May You Be Inscribed in the Book of Life for 5774

And, By the Way, What Book Might That Be?

People of the Book: In 1935, artist Nicholas Roerich offered his vision of the ‘Book of Life.’
Wikimedia Commons
People of the Book: In 1935, artist Nicholas Roerich offered his vision of the ‘Book of Life.’

By Philologos

Published September 08, 2013, issue of September 13, 2013.
  • Print
  • Share Share
  • Single Page

Kotvenu b’sefer he-ḥayyim, “Inscribe us in the Book of Life,” Jews pray in the days from Rosh Hashanah to Yom Kippur. “May you be written down and inscribed for a good year,” they say to each other. No concept or phrase is more associated with the High Holy Days than that of a divine “book” in which our fates are written. But where does this come from? What are its origins in Jewish tradition?

They’re very old. We first encounter them in the story of the golden calf in the book of Exodus. In his rage at the Israelites’ reversion to idolatry while he has been in seclusion on Mount Sinai, Moses has the statue of the calf made by them ground to dust, and he orders a massacre of its worshippers. Yet having done all this, he beseeches God to forgive Israel’s sin and requests that if He doesn’t, He should “erase me, I pray, from Your book that You have written.”

What book is this? The Bible hasn’t mentioned it before. Does God keep some sort of ledger or log in which He records men’s deeds? Why, then, haven’t we heard of it until now?

Actually, the Israelites of Moses’ age probably had heard of it, because the motif of such a book was part of the shared religious culture of the ancient Middle East. Thus, in the Babylonian-Sumerian epic of Gilgamesh, Gilgamesh’s friend Enkidu has a vision in which he sees Ereshkigal, Queen of the Underworld. Kneeling before her is her secretary, Beletseri, the Underworld’s official scribe, “reading aloud from a tablet in her hands.” From other Babylonian sources, we know that this “tablet” (Babylonian documents, as I observed in a recent column, were incised with a stylus on a slab of wet clay and baked for preservation) was a record of the lives of new arrivals in the Underworld whose fate Ereshkigal had to decide. The Babylonians’ word for such a tablet was egertu, a cognate of the Hebrew igeret, which denotes a scroll or scroll-like letter. (Important Hebrew documents, unlike Babylonian ones, were generally written with ink on parchment that was rolled into a cylinder and sealed. If the igeret was long enough, it was called a sefer, a book.)

BelEtseri reports to Ereshkigal on the lives of the newly dead, but in other ancient Middle Eastern texts there is mention of divine dossiers being kept on lives still in progress. In the excavated archives of the powerful Sumerian king Rim-Sin of Larsa, to take one example, there is a letter wishing him a long and happy reign guaranteed by the gods in the “book of life [im-ma-til-la].” Rim-Sin was a contemporary of the Babylonian king Hammurabi and lived early in the second millennium BCE, 500 or so years before Moses.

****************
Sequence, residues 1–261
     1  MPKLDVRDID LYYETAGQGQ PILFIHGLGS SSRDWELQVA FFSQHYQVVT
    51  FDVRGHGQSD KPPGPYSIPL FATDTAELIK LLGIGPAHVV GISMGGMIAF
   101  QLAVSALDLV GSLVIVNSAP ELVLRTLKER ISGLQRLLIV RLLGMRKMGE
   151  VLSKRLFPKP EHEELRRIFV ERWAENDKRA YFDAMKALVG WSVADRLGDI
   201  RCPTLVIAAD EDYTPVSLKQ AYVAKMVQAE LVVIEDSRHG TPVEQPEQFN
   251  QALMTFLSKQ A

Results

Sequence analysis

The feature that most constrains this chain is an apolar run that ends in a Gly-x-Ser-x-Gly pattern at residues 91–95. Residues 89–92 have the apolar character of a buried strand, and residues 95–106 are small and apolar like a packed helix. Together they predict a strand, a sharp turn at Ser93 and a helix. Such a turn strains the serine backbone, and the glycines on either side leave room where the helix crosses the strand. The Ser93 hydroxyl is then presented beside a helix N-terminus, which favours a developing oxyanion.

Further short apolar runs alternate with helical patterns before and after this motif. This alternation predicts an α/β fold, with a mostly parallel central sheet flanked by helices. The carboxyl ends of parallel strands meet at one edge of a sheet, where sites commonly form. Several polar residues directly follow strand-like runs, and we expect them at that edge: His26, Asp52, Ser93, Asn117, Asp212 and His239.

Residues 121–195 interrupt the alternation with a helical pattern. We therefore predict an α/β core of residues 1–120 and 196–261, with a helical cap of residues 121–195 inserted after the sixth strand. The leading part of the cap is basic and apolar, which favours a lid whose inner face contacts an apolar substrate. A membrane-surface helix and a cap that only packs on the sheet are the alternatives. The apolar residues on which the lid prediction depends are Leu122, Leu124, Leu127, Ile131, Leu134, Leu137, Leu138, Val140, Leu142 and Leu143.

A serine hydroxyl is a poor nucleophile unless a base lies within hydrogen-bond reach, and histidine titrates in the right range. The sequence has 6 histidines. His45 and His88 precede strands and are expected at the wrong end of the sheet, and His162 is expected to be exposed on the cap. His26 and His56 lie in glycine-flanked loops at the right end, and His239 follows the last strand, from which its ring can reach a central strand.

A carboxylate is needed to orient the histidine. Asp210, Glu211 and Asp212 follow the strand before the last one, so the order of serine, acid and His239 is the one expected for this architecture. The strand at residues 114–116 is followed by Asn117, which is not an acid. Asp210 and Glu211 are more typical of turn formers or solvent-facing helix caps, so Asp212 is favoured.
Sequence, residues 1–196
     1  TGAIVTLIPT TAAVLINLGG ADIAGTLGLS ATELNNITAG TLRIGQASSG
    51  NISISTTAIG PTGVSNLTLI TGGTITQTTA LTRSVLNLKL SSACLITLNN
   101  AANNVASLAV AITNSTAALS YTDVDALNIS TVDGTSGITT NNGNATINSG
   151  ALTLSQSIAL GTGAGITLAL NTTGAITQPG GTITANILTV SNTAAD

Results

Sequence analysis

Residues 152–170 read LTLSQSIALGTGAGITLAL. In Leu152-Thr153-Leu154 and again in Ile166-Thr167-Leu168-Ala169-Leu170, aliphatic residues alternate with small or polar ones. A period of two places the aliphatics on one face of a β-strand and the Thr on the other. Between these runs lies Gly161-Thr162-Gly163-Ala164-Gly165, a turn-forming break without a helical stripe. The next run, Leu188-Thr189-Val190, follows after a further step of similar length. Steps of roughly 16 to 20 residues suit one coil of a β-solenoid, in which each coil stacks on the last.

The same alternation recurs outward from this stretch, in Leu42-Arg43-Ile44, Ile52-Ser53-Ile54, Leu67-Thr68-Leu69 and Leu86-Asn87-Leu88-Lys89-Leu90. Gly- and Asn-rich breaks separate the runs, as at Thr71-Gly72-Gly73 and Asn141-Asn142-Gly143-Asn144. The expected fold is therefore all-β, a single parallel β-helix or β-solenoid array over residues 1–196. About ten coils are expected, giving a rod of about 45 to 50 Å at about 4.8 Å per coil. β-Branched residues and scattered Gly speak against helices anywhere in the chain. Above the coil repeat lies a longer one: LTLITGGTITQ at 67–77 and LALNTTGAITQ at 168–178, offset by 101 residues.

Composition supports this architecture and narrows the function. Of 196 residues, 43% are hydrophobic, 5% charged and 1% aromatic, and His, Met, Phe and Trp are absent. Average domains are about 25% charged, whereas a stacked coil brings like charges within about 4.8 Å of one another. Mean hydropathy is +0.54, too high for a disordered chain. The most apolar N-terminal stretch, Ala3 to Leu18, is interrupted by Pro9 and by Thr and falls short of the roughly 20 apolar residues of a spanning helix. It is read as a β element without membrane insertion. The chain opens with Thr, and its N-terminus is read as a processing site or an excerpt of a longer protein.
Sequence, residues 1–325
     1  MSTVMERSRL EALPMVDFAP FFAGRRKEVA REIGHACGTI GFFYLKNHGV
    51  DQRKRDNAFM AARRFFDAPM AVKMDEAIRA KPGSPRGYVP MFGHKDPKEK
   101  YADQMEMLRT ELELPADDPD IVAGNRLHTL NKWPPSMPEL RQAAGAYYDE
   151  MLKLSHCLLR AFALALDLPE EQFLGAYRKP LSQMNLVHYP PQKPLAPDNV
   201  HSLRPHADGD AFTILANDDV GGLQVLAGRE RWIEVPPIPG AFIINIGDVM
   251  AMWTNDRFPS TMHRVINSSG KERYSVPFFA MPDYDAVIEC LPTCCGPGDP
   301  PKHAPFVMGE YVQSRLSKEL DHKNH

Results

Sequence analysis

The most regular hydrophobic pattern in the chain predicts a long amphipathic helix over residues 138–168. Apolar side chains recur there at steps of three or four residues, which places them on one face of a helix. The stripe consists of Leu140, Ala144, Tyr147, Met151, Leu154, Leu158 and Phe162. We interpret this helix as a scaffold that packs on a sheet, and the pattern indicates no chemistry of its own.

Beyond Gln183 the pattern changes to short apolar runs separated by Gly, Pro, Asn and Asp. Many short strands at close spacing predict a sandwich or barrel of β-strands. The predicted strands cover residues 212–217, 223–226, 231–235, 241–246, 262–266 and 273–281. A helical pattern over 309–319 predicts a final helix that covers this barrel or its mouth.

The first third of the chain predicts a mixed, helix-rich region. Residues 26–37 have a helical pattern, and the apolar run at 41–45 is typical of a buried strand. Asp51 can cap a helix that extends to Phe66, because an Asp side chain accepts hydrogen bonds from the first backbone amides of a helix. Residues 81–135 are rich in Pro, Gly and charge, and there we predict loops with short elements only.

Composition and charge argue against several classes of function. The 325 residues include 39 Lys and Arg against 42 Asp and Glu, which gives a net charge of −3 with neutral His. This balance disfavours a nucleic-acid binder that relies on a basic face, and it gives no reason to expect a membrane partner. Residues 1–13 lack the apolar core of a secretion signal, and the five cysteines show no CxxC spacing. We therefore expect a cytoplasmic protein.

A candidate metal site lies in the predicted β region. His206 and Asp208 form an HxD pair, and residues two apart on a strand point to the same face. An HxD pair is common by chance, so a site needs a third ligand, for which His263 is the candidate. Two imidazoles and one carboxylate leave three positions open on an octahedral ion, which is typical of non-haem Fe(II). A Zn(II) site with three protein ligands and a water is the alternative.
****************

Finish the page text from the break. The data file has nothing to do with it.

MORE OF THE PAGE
The Jewish Daily Forward welcomes reader comments in order to promote thoughtful discussion on issues of importance to the Jewish community. In the interest of maintaining a civil forum, The Jewish Daily Forwardrequires that all commenters be appropriately respectful toward our writers, other commenters and the subjects of the articles. Vigorous debate and reasoned critique are welcome; name-calling and personal invective are not. While we generally do not seek to edit or actively moderate comments, our spam filter prevents most links and certain key words from being posted and The Jewish Daily Forward reserves the right to remove comments for any reason.





Find us on Facebook!
  • Are Michelangelo's paintings anti-Semitic? Meet the Jews of the Sistine Chapel: http://jd.fo/i4UDl
  • What does the Israel-Hamas war look like through Haredi eyes?
  • Was Israel really shocked to find there are networks of tunnels under Gaza?
  • “Going to Berlin, I had a sense of something waiting there for me. I was searching for something and felt I could unlock it by walking the streets where my grandfather walked and where my father grew up.”
  • How can 3 contradictory theories of Yiddish co-exist? Share this with Yiddish lovers!
  • "We must answer truthfully: Has a drop of all this bloodshed really helped bring us to a better place?”
  • "There are two roads. We have repeatedly taken the one more traveled, and that has made all the difference." Dahlia Scheindlin looks at the roots of Israel's conflict with Gaza.
  • Shalom, Cooperstown! Cooperstown Jewish mayor Jeff Katz and Jeff Idelson, director of the National Baseball Hall of Fame, work together to oversee induction weekend.
  • A boost for morale, if not morals.
  • Mixed marriages in Israel are tough in times of peace. So, how do you maintain a family bubble in the midst of war? http://jd.fo/f4VeG
  • Despite the escalating violence in Israel, more and more Jews are leaving their homes in Alaska to make aliyah: http://jd.fo/g4SIa
  • The Workmen's Circle is hosting New York’s first Jewish street fair on Sunday. Bring on the nouveau deli!
  • Novelist Sayed Kashua finds it hard to write about the heartbreak of Gaza from the plush confines of Debra Winger's Manhattan pad. Tough to argue with that, whichever side of the conflict you are on.
  • "I’ve never bought illegal drugs, but I imagine a small-time drug deal to feel a bit like buying hummus underground in Brooklyn."
  • We try to show things that get less exposed to the public here. We don’t look to document things that are nice or that people would like. We don’t try to show this place as a beautiful place.”
  • from-cache

Would you like to receive updates about new stories?




















We will not share your e-mail address or other personal information.

Already subscribed? Manage your subscription.